This leads, in the usual roundabout way, to learning that Jim may be the only club member who drives an Edsel when he needs to go someplace on an Orange County freeway without peddling too much.

He shows me a photo of it. It is a new-looking 1958 two-door hardtop model, mostly in red with the floopy thing on the rear fender being in white. He shows me the scar he got while extracting something from a junkyard for it.

Since we are short of members to disagree, I think this may mean that Jim is the club's 'first' known Edsel owner and driver. If Linda Thalman were here, I would ask her if she would consider changing the name of the Cadillac Ranch to 'Rancho Edsel.'

I also learn quite a bit of lore about Newport Beach, which is apparently plagued by fickle trees. The city council has voted four times for their removal, and now that they may actually get around to pulling them out so they can have flat roads and flat sidewalks - the tree-huggers are protesting.

I think Peg may have come to the meeting to talk about something else because, after surveying the members present, Peg says, "I guess we are today's only members."

I have a fair experience as club secretary and have memorized that there are 'no rules' until I know them off by heart, so I explain, "Some members only come when they're good and ready, even if it's after the meeting is over. There's time."

The Whiteheads are staying in a hotel down by the Porte d'Orléans, which is not too usual. On the other hand, I was down there yesterday looking at a dump of an empty apartment for rent, so it is not like it is the Siberia of Paris or something.

Their hotel doesn't have cable TV reception - possibly the only one in Paris without it - so I tell them about all the wonderful programming of the free access Arte TV-channel.

Peg looks very doubtful when I extol the virtues of being able to watch really gritty and hard-nosed movies in German or Russian or Turkish, with French subtitles.

Last week while writing the club report I even managed to tape Arte's broadcast of the 'Buena Vistaphoto: jim whitehead Social Club' film by Wim Wenders, which has a somewhat rare soundtrack in a version of Cuban Spanish, with the subtitles in French of course. Even the song lyrics have subtitles. The word for 'Candela' in French is 'bougie.'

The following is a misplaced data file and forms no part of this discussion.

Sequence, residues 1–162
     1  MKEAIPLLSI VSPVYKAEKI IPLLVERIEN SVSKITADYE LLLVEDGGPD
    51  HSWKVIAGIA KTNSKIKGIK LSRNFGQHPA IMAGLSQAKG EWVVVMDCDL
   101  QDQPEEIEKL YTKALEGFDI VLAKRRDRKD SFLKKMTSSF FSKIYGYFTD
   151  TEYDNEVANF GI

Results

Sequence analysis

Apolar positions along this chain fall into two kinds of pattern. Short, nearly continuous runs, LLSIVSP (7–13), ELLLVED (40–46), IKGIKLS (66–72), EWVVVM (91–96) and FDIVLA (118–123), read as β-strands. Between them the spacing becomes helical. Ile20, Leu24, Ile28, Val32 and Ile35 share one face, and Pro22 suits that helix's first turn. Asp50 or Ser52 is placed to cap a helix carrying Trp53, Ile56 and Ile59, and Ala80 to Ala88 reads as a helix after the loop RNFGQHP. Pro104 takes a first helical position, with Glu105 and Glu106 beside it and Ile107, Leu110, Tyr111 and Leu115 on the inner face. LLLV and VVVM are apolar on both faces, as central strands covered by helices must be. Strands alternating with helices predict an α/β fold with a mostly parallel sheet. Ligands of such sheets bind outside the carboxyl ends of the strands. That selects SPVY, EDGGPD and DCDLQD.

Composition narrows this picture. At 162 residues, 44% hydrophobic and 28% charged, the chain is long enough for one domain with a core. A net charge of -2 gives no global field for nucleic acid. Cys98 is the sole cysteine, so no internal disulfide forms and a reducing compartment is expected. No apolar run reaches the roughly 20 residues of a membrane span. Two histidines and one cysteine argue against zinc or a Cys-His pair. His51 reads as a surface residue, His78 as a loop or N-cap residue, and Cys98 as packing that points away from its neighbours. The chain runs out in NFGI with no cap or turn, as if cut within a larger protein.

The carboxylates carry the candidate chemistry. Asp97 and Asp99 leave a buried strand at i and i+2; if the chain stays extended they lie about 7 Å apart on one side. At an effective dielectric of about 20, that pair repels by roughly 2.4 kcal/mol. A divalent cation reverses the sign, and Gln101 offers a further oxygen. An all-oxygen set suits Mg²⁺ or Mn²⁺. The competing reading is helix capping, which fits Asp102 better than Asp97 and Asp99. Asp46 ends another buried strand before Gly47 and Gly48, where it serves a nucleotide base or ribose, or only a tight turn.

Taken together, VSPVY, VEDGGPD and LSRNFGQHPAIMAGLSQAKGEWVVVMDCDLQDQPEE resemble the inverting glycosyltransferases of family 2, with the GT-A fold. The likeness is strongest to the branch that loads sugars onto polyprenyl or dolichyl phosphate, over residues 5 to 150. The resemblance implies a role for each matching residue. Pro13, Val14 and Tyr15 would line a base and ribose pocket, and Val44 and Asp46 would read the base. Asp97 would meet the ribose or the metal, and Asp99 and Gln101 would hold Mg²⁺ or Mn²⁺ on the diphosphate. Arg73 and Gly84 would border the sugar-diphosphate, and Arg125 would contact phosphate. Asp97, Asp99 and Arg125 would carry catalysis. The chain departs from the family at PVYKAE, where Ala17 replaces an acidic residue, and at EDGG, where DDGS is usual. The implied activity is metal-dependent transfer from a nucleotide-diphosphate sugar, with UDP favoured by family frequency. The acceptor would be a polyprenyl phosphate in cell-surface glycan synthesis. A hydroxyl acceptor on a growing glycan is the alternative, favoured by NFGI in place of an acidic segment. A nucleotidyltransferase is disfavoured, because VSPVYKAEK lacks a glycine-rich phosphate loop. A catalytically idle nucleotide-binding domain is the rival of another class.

Jim Whitehead drives Boeings full-time and his Edsel on weekends.

At 17:10, club member Randy Garrett joins the meeting with a wumpf. Right away the 'after' of the meeting starts popping because Randy says he lived on 'L' street in Newport Beach in one of his former lives.

I immediately want to know why some streets and avenues in the United States don't have names, but alphabet letters - like 'L' - instead.

There are no names like this in Paris. The closest thing to it, is when the numbers are being done and a whole building is overlooked - so they come back and give it a number like '33-bis' or '33-ter,' which come after plain old '33,' if you can find them.

Peg, Jim and Randy think I'm crazy not to love streets named 'L.' After pushing this subject back a forth a bit, they admit that Newport Beach's alphabet streets only go up to 'M.' Where 'N,' 'O' and 'P' would be is under salt water, that stretches beyond Hawaii, to China.

Changing the subject, Randy says, "You have to put in a little effort being here."

"Like, for shopping?" Jim wants to know.

Randy, who is not wearing socks to go with his hand-stitched saddle shoes, says, "It's the city of love. You gotta be romantic."

This is not something you automatically get with the brochures from the Paris Tourist Office on the Champs-Elysées. He is right. Being romantic requires being conscious of more than Napoléon's Tomb or the mummies in the Louvre.

Randy gives out shopping tips. "See my pants? 140 francs at Monoprix. I should have got two pairs! I went back, but they were sold out."

Peg likes shopping at Tati. It's even more chancy than Monoprix. You see something once there at an incredibly low price and if you don't buy it on the spot you'll never see it again. Buy dozens because going back is a waste of time.

Randy tells us about his plan to rent the Tour Eiffel - "Only 22,000 francs!" - for the US bi-centenary in 1986 to hold a barbecue party on its first or second floor for 500 entry-paying close friends - he wanted to see it smoking.